Islamic teachings about humanity’s final destiny developed on the foundation of Judaism and Christianity. In particular, Islamic individual eschatology focuses on everlasting punishments and rewards that take into account an explicit concept of the responsible self. The Qu'ran also includes teachings about cosmic eschatology with its emphasis on the coming Day of Judgment and the resurrection of the dead.
To understand the conditions of life after death, Muslims point first to their doctrine of the human self by emphasizing two qualities of the soul that transcend life in the flesh, namely, the soul’s individuality and its freedom. First, human individuality rests on its uniqueness as a creation of Allah and its endowment with responsibility. Humans are responsible to realize their Allah given potential and live a virtuous life based on godly values making spiritual fulfillment their primary goal in life. Allah is the most unique individual and he expects from human beings to reflect that uniqueness by developing their distinct personality. That individuality of the human soul is eternal, transcending physical death, and providing the rational for the Day of Judgment. The Islamic theologian Hasan al Basri summarizes the human condition in this way: “O son of Adam, you will die alone, and enter the tomb alone, and be resurrected alone, and it is with you alone that the reckoning will be made.”
By way of emphasizing human responsibility for developing one’s own unique individuality, Muslims also affirm the need for human freedom. Even if the soul’s freedom stands in tension with Allah’s omnipotence, still it is a necessary condition for human beings to be endowed with freedom and responsibility in order to make genuine moral decisions. The Qu'ran tells us:” Whoever gets to himself a sin gets it solely on his own responsibility… Whoever goes astray, he himself bears the whole responsibility of wandering (4:111, 10:103).
Depending on its earthly conduct, the soul faces its individual judgment and is assigned to either the heavens or the hells that are described in the Qu'ran in great detail with vivid images. Because of such explicit accounts of the afterlife, it seems that most Muslims believe these heavens and hells to be actual locations. The reason for describing these places of reward and punishment in such elaborate ways is explicitly mentioned in the Koran: “That the hearts of those who do not believe in the Hereafter may incline to it” (6:113).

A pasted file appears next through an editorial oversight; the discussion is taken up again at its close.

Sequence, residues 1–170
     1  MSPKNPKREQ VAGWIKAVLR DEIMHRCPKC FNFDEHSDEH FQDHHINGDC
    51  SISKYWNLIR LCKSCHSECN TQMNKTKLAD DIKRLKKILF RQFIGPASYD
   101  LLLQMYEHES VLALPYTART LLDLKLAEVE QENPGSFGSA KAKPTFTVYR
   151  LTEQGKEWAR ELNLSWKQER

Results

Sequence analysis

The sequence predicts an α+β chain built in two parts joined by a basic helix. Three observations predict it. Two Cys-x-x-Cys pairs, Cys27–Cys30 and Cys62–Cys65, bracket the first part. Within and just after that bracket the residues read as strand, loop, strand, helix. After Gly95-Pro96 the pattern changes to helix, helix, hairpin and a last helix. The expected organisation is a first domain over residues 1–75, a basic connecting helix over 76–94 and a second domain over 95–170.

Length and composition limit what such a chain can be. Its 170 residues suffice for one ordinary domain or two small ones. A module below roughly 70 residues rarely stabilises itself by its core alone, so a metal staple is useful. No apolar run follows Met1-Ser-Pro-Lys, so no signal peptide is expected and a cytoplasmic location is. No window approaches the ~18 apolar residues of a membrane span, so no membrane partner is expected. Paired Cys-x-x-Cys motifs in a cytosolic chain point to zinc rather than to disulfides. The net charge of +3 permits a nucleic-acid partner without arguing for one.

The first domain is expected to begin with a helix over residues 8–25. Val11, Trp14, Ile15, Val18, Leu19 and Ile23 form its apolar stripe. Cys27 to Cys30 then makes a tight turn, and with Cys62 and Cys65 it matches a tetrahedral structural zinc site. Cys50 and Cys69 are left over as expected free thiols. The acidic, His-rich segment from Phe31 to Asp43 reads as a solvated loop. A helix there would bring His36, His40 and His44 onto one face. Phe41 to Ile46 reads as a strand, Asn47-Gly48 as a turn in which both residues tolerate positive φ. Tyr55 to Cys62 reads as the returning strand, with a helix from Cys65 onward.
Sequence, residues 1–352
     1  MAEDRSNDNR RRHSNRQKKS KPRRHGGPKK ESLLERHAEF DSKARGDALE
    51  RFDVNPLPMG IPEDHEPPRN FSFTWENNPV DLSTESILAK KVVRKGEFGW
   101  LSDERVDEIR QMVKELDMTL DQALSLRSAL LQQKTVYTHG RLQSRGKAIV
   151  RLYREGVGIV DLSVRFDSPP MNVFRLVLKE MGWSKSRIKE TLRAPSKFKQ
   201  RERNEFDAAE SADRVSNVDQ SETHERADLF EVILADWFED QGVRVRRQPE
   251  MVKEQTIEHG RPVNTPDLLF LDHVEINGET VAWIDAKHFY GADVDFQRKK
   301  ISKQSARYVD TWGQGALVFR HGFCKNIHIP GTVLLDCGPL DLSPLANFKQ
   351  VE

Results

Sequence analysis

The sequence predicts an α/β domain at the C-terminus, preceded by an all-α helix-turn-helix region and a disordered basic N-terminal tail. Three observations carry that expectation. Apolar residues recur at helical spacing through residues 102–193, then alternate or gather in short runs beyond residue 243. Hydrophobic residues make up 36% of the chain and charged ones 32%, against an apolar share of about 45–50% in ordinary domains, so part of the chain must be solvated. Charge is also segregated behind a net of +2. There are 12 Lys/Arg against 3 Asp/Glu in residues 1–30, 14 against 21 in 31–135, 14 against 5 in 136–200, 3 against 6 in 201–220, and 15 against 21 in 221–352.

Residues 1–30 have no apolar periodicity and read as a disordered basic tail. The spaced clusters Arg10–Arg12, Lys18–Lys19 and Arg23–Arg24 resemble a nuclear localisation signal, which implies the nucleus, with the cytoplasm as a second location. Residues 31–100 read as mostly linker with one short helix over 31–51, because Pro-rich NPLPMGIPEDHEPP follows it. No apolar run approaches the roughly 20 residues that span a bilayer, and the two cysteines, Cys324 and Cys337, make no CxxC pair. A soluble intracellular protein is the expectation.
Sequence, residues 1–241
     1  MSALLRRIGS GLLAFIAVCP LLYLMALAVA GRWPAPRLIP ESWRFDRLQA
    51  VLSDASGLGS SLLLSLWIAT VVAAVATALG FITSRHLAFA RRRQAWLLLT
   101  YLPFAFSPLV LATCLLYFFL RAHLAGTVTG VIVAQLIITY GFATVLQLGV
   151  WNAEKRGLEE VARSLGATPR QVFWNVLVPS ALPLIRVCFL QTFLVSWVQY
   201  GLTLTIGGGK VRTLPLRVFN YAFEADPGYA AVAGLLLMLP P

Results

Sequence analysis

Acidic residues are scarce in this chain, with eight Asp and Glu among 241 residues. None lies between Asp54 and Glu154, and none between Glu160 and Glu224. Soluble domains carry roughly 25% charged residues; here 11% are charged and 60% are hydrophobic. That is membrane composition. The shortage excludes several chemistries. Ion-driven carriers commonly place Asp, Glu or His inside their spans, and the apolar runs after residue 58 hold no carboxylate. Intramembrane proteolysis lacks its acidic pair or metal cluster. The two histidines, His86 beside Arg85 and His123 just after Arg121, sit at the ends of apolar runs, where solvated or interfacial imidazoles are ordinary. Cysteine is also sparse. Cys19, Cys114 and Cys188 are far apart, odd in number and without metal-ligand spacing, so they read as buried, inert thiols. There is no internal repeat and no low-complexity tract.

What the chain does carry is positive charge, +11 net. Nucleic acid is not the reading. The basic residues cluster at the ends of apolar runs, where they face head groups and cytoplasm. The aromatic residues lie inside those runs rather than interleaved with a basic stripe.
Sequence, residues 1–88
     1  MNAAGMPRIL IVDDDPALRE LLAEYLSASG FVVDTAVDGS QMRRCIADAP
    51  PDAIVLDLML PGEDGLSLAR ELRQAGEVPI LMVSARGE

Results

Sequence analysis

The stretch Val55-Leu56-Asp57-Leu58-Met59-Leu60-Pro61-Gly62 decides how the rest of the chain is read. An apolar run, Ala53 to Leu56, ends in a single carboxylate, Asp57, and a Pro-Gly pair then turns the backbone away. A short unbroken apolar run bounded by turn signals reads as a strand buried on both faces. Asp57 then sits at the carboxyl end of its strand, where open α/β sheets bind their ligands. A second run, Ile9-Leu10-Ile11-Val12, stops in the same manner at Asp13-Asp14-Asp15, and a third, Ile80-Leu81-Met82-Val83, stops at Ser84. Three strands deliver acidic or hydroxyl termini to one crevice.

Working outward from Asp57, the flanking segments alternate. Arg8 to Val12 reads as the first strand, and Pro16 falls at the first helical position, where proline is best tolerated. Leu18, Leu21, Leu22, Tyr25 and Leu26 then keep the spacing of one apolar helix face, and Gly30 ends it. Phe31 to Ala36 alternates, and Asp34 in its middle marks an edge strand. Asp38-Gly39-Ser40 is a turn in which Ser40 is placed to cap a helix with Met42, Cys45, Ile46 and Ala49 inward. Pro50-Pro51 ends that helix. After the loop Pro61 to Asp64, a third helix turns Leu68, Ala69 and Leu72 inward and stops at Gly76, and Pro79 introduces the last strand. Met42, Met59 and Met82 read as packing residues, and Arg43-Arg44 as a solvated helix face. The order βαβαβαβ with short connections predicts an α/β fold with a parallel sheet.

The question arises why human beings would not believe in the Hereafter, commit acts against Allah’s will or go astray? Parallel to Jewish and Christian scriptures, the Qu'ran speaks about the Fall of Adam and Eve and their alienation from Allah (Surahs 2, 7 and 20). Even if the rebellious angel Iblis (the counterpart to the fallen angel Satan in the Hebrew Bible) is permitted to tempt whomever he wishes until the Last Day (7:18), still the results of the Fall seem to be not as devastating as Christians would believe on account of their doctrine of Original Sin. That is to say, Muslims in their daily life of faith focus more on fitra, their original human nature in its God given purity and goodness, while accounting for their separation from Allah as caused by the Fall through the notion of ghaflah, a forgetting of one’s divine origin. It is the believer’s task in this earthly life to break this habit of forgetfulness and to affirm a healthy self image that is rooted in Allah’s original endowments (Smith, 239). How successful Muslims fulfill that task will then determine their individual destiny in the afterlife. Reading the Koran, with its intense language of contrasting heaven and hell, allows the believer to overcome any spiritual indifference as caused by the forgetful attitude of ghaflah.